How to use WESTSIDE training to increase your vertical jump: part 2

In Part 1 of our look at the Westside model of conjugate training and its application to vertical jump training I discussed the details that made up the system and also some of the things you should look out for if you were to adopt it into your own training.

In this article I am going to have a look at actually setting up a Westside style vertical jump program. There will be an element of assumed knowledge so if you are unfamiliar with some of the abbreviations please have a quick read through Westside Training Part 1.

A typical westside training week

A typical week using a Westside conjugate system consists of the following workouts:

MONDAY: ME Lower Body (ME = Max Effort)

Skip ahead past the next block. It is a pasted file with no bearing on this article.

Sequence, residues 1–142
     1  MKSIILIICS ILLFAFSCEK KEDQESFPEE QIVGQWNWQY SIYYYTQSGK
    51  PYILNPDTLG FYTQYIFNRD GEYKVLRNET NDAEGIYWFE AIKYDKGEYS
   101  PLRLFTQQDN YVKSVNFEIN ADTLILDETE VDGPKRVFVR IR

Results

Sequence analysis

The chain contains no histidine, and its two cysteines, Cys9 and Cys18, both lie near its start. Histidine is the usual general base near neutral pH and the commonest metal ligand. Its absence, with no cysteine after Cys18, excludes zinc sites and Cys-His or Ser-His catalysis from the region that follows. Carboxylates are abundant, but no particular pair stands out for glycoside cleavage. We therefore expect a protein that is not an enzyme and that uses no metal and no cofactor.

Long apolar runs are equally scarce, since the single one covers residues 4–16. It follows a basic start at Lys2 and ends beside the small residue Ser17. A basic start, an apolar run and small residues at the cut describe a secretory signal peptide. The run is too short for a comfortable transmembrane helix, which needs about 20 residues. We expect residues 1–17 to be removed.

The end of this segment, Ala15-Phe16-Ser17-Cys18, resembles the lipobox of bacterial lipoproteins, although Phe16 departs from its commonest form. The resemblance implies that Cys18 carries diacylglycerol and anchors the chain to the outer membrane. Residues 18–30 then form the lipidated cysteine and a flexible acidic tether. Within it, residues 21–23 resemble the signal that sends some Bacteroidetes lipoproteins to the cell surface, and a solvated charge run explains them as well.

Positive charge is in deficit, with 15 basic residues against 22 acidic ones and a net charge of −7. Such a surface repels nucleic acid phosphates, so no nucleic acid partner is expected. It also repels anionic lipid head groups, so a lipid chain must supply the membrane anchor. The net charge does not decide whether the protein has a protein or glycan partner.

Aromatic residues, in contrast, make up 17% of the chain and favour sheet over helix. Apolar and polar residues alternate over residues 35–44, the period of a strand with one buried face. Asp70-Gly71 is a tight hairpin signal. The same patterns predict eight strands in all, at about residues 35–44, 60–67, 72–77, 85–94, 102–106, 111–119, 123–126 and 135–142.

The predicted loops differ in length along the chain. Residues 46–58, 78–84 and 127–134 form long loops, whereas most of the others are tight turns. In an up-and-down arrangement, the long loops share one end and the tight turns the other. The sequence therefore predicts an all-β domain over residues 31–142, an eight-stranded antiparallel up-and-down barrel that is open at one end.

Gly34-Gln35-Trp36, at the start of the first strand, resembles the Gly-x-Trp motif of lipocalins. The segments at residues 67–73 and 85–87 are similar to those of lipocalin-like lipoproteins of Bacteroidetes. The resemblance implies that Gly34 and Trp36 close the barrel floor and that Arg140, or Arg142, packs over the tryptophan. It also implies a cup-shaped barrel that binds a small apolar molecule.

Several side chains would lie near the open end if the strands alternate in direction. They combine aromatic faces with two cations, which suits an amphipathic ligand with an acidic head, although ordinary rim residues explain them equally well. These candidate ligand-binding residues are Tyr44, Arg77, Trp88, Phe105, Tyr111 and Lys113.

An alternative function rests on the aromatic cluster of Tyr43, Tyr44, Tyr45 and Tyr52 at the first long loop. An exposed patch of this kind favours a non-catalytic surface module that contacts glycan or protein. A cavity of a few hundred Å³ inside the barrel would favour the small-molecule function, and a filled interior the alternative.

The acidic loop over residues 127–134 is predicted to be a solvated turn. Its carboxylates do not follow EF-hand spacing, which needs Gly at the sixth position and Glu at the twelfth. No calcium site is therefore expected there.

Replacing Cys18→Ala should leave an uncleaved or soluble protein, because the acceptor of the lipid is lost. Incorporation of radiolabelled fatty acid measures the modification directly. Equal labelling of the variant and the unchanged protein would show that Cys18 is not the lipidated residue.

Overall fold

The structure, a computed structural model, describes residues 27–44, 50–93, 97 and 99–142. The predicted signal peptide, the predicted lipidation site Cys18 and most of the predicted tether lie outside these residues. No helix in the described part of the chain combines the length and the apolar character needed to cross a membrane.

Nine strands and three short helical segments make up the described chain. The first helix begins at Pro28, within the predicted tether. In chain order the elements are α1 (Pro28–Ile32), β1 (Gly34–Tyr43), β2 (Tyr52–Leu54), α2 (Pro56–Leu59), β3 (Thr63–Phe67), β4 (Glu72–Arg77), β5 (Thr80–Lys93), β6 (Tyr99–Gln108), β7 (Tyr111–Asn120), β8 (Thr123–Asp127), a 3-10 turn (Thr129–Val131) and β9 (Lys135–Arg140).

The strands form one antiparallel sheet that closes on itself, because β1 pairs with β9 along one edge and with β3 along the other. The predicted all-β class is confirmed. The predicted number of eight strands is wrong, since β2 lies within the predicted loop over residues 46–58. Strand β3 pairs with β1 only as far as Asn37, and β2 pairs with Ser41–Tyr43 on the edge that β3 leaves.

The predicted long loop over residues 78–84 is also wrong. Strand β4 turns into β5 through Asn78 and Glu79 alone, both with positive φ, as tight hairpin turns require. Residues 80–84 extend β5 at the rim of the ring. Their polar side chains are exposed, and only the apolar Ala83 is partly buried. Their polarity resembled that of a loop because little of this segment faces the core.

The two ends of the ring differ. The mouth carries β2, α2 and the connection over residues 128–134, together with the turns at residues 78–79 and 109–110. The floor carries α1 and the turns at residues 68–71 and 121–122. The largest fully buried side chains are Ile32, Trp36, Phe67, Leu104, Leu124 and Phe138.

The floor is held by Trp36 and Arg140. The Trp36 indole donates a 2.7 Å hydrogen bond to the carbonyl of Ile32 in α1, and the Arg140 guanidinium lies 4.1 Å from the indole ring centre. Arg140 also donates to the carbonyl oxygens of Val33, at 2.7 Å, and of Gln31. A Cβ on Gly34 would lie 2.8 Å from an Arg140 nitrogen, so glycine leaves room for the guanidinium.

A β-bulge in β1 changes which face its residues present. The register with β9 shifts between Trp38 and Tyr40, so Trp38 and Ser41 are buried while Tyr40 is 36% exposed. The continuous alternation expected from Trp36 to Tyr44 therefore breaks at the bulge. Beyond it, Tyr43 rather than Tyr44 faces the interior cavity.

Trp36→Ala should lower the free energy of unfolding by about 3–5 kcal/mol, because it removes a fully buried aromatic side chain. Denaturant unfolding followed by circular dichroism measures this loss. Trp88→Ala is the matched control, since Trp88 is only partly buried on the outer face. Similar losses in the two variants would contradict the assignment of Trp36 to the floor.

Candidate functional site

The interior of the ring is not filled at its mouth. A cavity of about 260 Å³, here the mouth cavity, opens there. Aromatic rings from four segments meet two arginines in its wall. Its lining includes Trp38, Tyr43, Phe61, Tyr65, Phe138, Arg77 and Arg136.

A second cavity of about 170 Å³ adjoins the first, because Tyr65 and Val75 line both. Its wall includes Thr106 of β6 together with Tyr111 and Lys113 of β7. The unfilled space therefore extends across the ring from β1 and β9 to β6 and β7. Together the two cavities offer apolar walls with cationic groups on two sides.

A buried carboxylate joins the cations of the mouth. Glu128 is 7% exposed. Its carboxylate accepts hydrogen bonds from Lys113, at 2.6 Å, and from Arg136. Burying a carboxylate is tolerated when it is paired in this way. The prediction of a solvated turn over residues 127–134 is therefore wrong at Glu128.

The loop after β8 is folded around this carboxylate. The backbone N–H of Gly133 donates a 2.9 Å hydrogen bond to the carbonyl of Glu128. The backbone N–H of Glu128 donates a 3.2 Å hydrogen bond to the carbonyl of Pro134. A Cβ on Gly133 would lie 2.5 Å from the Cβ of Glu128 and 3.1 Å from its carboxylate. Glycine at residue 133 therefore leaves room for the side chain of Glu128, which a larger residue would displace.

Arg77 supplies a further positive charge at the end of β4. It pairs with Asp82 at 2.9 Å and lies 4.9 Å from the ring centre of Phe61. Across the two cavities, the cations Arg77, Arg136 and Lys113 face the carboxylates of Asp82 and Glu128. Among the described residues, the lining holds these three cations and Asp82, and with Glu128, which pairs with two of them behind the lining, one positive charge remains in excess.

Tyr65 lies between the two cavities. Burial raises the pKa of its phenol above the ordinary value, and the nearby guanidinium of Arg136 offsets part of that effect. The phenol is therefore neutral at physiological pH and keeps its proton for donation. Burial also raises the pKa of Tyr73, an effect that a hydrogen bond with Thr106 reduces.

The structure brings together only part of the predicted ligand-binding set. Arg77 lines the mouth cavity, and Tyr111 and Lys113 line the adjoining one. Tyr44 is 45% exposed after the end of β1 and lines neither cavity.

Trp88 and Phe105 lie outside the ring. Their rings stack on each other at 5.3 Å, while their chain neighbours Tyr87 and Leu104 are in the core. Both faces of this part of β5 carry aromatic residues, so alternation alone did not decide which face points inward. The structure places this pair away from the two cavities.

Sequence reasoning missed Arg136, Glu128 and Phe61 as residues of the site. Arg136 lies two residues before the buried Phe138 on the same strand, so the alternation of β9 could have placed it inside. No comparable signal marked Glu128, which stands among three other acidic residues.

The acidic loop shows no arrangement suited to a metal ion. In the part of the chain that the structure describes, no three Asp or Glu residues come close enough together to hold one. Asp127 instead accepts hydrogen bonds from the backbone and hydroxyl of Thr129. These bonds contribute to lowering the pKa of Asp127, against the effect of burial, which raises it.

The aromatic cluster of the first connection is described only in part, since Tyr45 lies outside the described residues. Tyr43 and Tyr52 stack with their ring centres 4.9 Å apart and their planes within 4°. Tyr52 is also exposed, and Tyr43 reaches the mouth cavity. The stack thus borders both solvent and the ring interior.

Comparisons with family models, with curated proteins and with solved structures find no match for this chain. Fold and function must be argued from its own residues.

FRIDAY: DE Lower Body (DE = Dynamic Effort)

SUNDAY: DE Upper Body

Bearing in mind that Westside is set up for a powerlifter, and that you are training to increase your vertical jump I would make the following changes: 

MONDAY: ME Lower Body

WEDNESDAY: Jumping practice

FRIDAY: DE Lower Body

SUNDAY: Upper Body Rotating between ME and DE

I have made two changes to the Westside powerlifting template. The first change is to add in a day of just jumping practice. The reason for this is that the Westside system is designed to make athletes good at squatting, deadlifting, and benching. Consequently the exercises selected in their program are based not only on their ability to develop the strength required, but also their capacity to improvetheir technique. 

This is an often overlooked aspect of vertical jump training. You may be as strong as an ox and explosive as a cheetah, but unless you can co-ordinate yourself you won't ever reach your true potential. For this reason I have added in a day of pure jump practice. 

The second change is that I have removed one of the upper body workouts. As I have written a number of times before, too much upper body training can be detrimental to your jump performance.